Between now and the dictatorship of the proletariat, however, we have to fend off a lot of stupid pro-Democrat entreaties to forget the dead Pakistanis and the desperate poor and your own bank balance and endorse the man and the administration who made them possible. To help you refute your pseudo-liberal, Obama-loving, Democratic apologist friends, here are some powerful counterarguments to their lesser-evilism.

Argument 1: If you don’t vote for Obama, Romney will win.

Your response: Bull. That might be true if you live in a swing state. (If you’re one of the three out of four Americans who don’t live in a swing state, stop reading here.) A 2010 study found that zero out of 20,000 elections–including for Congress and Senate–has ever come down to one vote. The closest margin, for one race in 1910, was six votes. Feel free to stay home. Hell, vote for Romney. Won’t make any difference.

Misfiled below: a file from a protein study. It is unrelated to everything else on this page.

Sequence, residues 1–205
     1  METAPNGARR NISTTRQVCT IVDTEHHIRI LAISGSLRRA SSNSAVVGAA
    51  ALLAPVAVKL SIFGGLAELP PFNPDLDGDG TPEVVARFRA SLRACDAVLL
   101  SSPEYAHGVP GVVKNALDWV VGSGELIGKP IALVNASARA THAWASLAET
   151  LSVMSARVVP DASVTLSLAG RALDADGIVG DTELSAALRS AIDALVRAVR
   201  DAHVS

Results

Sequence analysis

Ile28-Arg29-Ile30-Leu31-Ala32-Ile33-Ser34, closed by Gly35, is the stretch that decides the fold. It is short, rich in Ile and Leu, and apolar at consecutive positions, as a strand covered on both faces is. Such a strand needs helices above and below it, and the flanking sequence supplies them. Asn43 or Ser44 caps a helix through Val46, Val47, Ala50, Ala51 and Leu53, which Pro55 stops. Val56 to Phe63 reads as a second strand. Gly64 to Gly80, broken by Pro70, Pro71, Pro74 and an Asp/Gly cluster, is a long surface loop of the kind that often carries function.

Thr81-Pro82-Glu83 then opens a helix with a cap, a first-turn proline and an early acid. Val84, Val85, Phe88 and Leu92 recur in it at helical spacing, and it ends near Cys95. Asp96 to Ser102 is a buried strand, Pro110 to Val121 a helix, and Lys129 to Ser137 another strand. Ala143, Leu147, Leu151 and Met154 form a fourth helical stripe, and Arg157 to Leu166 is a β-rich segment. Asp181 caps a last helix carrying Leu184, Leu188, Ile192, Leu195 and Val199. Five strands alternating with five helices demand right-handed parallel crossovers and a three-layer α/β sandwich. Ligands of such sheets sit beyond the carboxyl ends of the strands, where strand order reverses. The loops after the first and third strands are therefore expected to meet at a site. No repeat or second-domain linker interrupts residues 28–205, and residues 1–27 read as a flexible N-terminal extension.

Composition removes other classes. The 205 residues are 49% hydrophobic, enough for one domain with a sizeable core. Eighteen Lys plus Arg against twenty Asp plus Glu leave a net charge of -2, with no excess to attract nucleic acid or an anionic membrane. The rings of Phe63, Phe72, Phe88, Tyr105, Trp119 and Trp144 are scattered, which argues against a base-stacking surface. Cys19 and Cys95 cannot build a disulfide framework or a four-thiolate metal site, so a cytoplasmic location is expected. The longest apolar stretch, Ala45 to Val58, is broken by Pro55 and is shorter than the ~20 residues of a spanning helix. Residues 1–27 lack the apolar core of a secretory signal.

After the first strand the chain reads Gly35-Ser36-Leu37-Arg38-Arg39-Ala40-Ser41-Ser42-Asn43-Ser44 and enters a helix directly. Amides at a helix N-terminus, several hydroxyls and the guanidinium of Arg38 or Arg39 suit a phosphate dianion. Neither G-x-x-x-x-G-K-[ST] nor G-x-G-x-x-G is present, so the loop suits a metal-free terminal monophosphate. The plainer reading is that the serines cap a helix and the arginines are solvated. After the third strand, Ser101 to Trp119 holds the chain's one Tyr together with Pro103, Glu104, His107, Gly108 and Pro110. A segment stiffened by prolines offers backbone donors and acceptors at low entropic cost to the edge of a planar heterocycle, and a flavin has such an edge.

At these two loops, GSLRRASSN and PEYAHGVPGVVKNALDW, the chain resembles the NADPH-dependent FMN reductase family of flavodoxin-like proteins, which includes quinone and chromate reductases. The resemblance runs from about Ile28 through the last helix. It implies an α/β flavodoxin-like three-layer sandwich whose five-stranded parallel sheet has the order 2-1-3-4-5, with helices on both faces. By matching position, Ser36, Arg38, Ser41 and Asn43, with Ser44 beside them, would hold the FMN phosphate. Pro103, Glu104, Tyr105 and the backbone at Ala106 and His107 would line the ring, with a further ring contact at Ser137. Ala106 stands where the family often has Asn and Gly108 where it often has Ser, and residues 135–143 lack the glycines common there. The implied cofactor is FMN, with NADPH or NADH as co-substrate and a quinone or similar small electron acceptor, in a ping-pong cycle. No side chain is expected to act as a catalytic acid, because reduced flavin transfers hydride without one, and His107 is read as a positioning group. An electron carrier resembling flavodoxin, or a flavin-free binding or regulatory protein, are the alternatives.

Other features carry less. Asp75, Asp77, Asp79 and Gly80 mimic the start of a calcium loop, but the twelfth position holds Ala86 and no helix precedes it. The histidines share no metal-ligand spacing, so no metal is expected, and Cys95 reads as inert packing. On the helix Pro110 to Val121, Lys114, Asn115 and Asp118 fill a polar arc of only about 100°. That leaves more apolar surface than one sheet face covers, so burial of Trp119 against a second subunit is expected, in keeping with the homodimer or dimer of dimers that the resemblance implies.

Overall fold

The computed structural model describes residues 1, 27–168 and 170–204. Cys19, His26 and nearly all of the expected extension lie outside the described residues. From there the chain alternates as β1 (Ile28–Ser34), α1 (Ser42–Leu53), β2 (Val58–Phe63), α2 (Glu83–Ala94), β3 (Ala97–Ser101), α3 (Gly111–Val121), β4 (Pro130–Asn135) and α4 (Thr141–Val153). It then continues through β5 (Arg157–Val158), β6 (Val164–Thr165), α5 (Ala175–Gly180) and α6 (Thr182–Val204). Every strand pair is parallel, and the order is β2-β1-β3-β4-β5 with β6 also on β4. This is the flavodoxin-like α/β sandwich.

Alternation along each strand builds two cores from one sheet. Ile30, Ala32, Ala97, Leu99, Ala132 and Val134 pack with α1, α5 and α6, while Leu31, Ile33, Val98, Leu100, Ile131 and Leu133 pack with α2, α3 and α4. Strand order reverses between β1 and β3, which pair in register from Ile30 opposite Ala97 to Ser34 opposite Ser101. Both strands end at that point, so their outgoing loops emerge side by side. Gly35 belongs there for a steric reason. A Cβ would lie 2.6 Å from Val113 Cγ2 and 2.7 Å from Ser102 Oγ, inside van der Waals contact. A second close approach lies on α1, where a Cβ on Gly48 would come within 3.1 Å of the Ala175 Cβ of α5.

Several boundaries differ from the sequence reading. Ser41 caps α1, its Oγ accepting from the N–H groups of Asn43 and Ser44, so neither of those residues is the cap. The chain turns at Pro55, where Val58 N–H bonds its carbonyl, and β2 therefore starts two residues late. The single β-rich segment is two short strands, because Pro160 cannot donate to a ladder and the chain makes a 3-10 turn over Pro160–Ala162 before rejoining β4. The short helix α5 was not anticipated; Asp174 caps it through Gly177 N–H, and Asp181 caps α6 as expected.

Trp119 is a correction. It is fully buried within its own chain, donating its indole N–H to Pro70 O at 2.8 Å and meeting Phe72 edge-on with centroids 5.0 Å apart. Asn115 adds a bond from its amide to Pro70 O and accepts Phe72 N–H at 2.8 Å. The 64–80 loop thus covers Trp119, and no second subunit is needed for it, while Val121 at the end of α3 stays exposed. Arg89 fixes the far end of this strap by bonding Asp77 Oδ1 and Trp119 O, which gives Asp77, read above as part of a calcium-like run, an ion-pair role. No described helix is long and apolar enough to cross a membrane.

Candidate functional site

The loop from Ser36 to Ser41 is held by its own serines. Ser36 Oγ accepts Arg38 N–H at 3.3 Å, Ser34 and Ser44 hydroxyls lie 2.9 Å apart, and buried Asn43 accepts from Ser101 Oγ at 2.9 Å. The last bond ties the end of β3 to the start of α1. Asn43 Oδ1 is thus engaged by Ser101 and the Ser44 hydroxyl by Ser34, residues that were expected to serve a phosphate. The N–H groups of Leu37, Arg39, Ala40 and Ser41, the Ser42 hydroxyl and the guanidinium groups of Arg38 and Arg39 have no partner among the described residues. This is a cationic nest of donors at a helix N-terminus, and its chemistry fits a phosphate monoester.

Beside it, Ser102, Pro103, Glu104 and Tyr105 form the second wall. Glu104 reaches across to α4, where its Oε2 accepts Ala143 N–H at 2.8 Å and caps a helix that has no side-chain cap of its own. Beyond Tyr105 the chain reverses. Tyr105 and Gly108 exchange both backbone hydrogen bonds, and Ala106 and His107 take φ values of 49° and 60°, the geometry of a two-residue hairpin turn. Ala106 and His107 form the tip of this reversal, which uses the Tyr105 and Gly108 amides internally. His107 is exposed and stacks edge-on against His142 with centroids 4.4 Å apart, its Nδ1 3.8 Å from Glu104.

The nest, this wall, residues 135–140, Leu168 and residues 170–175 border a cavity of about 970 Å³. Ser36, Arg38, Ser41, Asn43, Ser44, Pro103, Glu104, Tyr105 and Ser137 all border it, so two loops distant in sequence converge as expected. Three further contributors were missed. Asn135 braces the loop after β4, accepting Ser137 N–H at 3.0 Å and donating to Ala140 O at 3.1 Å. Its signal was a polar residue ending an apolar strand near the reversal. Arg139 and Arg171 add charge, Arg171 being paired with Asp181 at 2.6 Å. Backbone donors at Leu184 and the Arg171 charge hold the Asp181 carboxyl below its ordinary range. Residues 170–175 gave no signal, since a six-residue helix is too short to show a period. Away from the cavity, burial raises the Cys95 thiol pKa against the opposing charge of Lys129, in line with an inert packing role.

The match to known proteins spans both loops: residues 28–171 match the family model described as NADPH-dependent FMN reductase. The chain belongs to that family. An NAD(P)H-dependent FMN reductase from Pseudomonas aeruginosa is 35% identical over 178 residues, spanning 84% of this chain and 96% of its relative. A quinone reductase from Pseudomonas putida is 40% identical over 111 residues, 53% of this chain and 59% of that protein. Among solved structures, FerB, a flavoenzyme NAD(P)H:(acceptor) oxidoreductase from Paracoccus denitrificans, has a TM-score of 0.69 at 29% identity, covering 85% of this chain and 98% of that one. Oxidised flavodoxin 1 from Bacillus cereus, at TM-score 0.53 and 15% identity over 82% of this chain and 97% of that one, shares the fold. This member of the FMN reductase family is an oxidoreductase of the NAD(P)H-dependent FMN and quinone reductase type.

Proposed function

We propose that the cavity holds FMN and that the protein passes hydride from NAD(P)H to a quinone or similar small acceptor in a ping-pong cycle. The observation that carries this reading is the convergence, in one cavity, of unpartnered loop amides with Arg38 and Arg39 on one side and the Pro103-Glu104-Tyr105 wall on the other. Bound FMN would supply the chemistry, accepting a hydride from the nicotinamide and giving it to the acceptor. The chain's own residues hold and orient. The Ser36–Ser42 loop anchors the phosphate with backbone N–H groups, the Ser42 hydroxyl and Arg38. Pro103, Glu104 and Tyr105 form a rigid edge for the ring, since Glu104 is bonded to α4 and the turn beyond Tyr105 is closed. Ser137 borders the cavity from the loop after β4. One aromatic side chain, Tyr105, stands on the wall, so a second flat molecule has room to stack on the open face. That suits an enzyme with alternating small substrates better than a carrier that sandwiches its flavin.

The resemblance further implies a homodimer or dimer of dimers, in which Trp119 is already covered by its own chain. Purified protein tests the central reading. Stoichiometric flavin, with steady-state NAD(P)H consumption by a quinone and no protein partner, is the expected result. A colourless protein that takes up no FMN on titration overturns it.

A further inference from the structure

Argument 2: Obama will be more liberal in a second term.

Your response: How do you know? Not having learned anything from the last four years, Obama still says he’ll be “more than happy to work with Republicans” after the election (to help them dismantle Medicare). Let’s take the man at his lack of word: he hasn’t promised much. Even if we stipulate Obama’s secret, silent liberal intentions, how will he push them through House that will likely remain Republican? Not to mention, lame duck presidencies aren’t renowned for their record of legislative achievement. Obama will have as much chance of signing big new programs into law sitting in his kitchen in Chicago as in the Oval Office.

Argument 3: Romney will push the country even further to the Right.